Towards new horizons
Some new vistas await Indian art in Venice.
UP FOR A MOVEMENT: Anita Dube's wall sculpture using a thousand eyes will be a part of The Venice Biennale-2005
The Venice Biennale-2005 is something of a red-letter year in the calendar of Indian art. What the Lalit Kala Akademi has myopically refused to see and anticipate has been successfully converted into an opportunity by private art promoters. In addition, an Indian artist and an art critic are a select part of the official biennale events, lending the exigency of criticism and the market place a huge fillip.
Compared to the passionately mounted Venice biennale of Stephen Bonami in 2003, the first time ever team of two women curators Maria de Corral and Rosa Martinez appears both expansive and considered. Maria de Corral has chosen the exhibition The Experience of Art to present artists like Tapies, Bacon, Tania Bruguera, Marlene Dumas, Phillip Guston, Rachel Whiteread, Bruce Nauman, in short the leading albeit white dominated artists of the western world of the last 20 years. This show has a retrospective quality about it, drawing as it will on leading world museum collections. In contrast Rosa Martinez who is considered one of the sharpest curators in the museum and biennale circuit, has created an exhibition titled Always a Little Further, that draws on the issues of multiple histories, post colonial times and inevitably the uneasy registers of identity.
In her roster of the now of world art, there is Mona Hatoum, Rem Koolhas, Shazia Sikander, Sergio Vega and India's Subodh Gupta. It is a set of artists that work well with the sharpening edges of irony and critique. Gupta who has worked his identity of Khagoul, Bihar with a continued self-reflexivity into his work will be represented by large paintings on stainless steel `bartans' - images of suspended stainless steel utensils crowded into shop fronts that represents middle class aspiration, and in an extended sense, the Hindu obsession with the idea of purity. Gupta has used stainless steel abundantly in his installations. Now a painting of the installation subject in a sense suggests a pictorial fix, much like an ironic take on picture making.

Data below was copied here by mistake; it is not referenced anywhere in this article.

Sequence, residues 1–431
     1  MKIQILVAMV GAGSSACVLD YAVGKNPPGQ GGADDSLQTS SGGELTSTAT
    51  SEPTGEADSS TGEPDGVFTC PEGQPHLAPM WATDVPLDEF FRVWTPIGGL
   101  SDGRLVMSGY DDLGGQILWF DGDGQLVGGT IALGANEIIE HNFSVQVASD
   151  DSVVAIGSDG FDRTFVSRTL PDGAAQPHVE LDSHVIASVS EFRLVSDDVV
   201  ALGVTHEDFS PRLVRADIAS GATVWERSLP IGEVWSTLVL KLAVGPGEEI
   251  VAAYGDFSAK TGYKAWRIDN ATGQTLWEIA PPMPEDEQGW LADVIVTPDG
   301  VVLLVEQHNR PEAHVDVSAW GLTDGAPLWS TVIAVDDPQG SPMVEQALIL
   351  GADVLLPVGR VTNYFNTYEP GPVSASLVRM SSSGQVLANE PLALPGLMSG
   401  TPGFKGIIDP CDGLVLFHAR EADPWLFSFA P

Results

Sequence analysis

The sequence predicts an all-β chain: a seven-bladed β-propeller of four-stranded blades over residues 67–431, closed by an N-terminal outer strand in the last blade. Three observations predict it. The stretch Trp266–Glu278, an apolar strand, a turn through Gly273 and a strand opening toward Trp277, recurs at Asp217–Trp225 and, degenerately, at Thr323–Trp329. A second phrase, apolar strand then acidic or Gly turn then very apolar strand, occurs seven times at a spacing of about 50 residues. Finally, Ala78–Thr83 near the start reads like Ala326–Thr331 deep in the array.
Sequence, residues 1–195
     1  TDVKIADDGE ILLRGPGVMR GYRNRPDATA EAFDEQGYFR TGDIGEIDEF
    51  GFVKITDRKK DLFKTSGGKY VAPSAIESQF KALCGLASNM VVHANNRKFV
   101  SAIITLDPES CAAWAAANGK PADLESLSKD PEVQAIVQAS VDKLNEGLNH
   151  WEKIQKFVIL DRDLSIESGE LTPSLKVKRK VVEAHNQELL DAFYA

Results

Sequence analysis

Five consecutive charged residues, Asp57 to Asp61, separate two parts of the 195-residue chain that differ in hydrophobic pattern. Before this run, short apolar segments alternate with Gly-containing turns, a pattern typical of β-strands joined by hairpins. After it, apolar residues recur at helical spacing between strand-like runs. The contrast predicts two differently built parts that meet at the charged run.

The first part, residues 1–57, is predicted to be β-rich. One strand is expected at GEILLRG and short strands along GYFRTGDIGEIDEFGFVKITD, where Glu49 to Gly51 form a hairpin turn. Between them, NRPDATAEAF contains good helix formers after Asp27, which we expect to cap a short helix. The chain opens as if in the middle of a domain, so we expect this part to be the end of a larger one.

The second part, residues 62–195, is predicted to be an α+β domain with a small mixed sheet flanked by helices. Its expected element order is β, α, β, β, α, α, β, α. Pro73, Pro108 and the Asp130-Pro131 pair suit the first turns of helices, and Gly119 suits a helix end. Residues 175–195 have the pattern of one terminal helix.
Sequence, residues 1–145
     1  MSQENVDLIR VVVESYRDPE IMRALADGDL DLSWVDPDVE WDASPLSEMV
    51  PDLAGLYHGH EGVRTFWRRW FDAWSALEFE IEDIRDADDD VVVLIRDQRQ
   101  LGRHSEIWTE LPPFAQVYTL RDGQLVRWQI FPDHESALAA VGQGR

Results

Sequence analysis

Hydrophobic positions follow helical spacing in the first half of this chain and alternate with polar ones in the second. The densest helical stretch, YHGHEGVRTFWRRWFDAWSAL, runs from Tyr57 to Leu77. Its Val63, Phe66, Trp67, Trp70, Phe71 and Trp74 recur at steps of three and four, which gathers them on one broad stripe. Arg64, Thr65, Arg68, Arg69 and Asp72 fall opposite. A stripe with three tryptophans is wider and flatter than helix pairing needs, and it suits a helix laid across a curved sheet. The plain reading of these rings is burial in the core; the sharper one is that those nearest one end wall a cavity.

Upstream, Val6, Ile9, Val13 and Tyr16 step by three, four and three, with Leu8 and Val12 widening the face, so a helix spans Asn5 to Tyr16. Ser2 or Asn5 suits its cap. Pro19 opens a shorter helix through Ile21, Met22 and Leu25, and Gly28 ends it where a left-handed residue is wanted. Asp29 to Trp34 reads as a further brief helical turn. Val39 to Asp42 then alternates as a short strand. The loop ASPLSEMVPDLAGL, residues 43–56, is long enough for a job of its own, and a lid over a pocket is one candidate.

The other credit is the invitation to Geeta Kapur to be a member of the four-member jury on the Martinez exhibition - the other members are Udo Kittleman, Dan Cameron, Fumio Nanjo of the Mori Museum, Japan and Lillian Llanes, celebrated curator of the Havana biennale. Kapur has authored the book, "When was Modernism", is the first Indian art critic to serve in such a capacity at a prestigious international event.
The other major intervention at the Venice biennale is being spearheaded by Nature Morte, and its presentation of six artists at the Musee della Gondola, a converted 13th Century convent.
The three curators have chosen artists who are significantly visible on the international circuit. Atul Dodiya, the single Indian painter to enjoy such currency and Nataraj Sharma are in a sense both commentators on states of sudden and violent flux - although their positions may range from a terrible cynicism to the contemplative. Anita Dube, the only sculptor in this selection who works with a determined individualism, will present a wall sculpture using a thousand eyes. Disembodied body parts have been very much a part of feminist art usage.
However, Dube moves into the areas of myth and symbol to create works that compel engagement. Ranbir Kaleka, Nalini Malani and the Raqs media collective in a sense represent the very varied approach to new media. Malani and Kaleka share the propensity to weave their concerns as painters into their work. Malani however works on an astonishing scale.
In this exhibition she will project images directly onto 600 bags of salt that recall Gandhi, the Dandi March and the dream of a nation, that now must confront images of Gujarat (2002).
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